1993 Photo Contest, Daily Life, Stories, 1st prize
Photographer

Larry Towell

Magnum Photos for The New York Times Magazine

01 January, 1991

Female FMLN members grieve over a fellow guerrilla killed by government forces, following fighting in the rural village of Guarjila. In January 1992, the government of El Salvador and the FMLN guerrilla movement signed a treaty to end the 12-year civil war which killed 70,000 and caused one million - a fifth of the total population - to flee the country. It was agreed that the FMLN would become a political party. Shortly before the signing of the peace treaty the army moved into Chalatenango, traditionally an FMLN-controlled area. Assisted by human rights organizations and church organizations, rebels returned to their homes, and the FMLN was being reformed in preparation for the 1994 general election. In the months before the peace treaty was signed, fighting intensified as the government and guerillas attempted to gain bargaining chips. Women and children mixed in the guerilla ranks.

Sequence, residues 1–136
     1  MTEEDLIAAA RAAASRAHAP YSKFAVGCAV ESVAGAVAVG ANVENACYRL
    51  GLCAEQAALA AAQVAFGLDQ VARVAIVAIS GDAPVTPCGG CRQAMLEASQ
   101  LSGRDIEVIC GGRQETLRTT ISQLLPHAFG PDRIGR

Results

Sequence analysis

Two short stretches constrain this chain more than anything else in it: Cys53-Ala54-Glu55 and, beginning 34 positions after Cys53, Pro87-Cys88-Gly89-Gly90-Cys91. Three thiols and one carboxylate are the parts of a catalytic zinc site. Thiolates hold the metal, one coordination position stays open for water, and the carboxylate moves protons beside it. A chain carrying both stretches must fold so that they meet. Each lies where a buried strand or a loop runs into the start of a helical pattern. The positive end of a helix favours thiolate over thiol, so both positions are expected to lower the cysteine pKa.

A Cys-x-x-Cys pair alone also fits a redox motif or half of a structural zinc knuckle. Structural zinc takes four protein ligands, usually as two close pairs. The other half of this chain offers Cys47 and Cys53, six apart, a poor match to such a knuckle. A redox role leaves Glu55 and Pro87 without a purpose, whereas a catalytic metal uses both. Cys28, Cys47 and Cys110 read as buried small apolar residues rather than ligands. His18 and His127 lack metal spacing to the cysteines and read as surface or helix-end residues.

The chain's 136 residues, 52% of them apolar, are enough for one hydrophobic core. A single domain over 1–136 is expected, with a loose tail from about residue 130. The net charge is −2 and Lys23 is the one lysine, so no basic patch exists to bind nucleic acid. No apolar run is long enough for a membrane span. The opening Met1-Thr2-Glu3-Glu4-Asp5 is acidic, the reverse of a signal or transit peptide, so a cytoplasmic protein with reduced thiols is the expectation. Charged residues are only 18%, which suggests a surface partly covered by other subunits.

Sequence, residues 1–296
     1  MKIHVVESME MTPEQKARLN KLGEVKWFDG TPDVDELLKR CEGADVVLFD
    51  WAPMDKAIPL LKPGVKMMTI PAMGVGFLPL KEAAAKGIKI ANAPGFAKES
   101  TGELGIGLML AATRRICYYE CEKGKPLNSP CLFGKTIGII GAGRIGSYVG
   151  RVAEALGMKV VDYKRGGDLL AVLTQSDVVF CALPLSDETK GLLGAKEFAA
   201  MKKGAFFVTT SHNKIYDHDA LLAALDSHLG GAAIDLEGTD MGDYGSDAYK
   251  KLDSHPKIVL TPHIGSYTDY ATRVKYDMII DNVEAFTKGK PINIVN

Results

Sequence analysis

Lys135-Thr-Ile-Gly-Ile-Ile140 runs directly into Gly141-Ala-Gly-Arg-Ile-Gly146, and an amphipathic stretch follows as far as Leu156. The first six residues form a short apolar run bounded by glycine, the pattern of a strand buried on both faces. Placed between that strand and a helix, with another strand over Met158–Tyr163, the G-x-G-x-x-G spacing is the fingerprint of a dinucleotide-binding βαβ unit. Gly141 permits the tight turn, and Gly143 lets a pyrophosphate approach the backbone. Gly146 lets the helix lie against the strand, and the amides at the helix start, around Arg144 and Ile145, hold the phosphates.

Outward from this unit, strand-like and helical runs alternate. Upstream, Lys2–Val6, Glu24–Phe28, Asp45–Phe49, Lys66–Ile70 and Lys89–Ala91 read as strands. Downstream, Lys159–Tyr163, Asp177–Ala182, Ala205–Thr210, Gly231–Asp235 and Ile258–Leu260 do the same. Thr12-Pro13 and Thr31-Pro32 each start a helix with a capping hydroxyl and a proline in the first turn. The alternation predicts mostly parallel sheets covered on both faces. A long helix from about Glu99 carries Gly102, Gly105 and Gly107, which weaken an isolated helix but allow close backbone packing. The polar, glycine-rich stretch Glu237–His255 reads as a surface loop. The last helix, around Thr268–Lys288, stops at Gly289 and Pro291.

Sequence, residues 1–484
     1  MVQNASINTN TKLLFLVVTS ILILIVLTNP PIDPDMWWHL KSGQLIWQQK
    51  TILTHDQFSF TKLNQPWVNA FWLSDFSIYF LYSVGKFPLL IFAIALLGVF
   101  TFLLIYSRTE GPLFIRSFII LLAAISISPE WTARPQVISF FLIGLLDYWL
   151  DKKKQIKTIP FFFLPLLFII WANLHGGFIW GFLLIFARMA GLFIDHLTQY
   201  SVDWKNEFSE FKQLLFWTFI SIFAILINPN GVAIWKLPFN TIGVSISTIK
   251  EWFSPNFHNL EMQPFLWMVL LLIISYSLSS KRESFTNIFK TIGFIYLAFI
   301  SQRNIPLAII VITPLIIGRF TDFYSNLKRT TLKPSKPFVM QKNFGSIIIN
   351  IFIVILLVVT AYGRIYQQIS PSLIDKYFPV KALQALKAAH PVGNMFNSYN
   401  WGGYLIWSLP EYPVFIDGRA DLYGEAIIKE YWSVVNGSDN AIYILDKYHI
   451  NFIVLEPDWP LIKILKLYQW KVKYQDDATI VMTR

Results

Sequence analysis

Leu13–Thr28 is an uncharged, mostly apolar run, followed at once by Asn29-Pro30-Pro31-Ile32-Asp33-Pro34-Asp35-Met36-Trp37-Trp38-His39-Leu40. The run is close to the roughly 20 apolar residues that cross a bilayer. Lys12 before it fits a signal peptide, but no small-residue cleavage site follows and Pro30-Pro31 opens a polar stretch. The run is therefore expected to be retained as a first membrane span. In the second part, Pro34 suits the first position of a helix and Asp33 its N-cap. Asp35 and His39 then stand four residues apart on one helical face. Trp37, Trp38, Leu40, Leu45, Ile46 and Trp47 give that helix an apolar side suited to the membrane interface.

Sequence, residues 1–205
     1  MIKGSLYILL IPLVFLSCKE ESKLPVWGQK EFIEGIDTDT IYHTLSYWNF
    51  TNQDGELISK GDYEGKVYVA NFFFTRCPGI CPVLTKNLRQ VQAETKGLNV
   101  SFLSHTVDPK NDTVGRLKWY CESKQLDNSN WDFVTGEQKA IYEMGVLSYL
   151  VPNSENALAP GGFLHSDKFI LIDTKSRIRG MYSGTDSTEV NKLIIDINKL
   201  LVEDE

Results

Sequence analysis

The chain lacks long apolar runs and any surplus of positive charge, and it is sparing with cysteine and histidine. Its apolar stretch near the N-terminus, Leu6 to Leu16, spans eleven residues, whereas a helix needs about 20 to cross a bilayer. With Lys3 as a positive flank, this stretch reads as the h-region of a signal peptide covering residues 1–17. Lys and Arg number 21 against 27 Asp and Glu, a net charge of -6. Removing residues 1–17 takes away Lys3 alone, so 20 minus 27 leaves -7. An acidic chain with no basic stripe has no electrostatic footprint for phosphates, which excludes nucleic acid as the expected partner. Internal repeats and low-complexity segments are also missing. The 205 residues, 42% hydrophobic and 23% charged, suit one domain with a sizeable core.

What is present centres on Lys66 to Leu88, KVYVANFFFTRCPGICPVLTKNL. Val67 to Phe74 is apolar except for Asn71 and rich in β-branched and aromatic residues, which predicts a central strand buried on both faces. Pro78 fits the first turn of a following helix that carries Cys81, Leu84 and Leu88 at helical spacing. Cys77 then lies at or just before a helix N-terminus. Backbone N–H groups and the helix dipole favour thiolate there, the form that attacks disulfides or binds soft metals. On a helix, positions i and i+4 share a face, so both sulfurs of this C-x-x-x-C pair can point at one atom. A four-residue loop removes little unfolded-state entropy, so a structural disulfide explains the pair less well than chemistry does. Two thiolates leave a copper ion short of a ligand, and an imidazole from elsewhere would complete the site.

About

Larry Towell

Larry Towell has worked for many years as a freelance Magnum photographer in areas of conflict and social unrest. His work has resulted in thirteen books, hundreds of journal pub...

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